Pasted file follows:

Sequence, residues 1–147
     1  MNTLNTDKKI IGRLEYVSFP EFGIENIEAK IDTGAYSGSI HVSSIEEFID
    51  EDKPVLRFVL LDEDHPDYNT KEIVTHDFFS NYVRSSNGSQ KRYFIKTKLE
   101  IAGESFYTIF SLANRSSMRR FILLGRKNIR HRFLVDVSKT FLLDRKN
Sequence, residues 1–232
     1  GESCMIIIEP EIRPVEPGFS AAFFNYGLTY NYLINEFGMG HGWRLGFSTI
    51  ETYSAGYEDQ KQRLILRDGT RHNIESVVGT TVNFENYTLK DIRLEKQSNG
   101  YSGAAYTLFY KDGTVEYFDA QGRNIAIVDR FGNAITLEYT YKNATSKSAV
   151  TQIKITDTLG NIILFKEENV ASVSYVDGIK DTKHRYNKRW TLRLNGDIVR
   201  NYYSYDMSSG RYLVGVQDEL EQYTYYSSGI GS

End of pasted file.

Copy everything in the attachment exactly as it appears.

Sequence, residues 1–147
     1  MNTLNTDKKI IGRLEYVSFP EFGIENIEAK IDTGAYSGSI HVSSIEEFID
    51  EDKPVLRFVL LDEDHPDYNT KEIVTHDFFS NYVRSSNGSQ KRYFIKTKLE
   101  IAGESFYTIF SLANRSSMRR FILLGRKNIR HRFLVDVSKT FLLDRKN
Sequence, residues 1–232
     1  GESCMIIIEP EIRPVEPGFS AAFFNYGLTY NYLINEFGMG HGWRLGFSTI
    51  ETYSAGYEDQ KQRLILRDGT RHNIESVVGT TVNFENYTLK DIRLEKQSNG
   101  YSGAAYTLFY KDGTVEYFDA QGRNIAIVDR FGNAITLEYT YKNATSKSAV
   151  TQIKITDTLG NIILFKEENV ASVSYVDGIK DTKHRYNKRW TLRLNGDIVR
   201  NYYSYDMSSG RYLVGVQDEL EQYTYYSSGI GS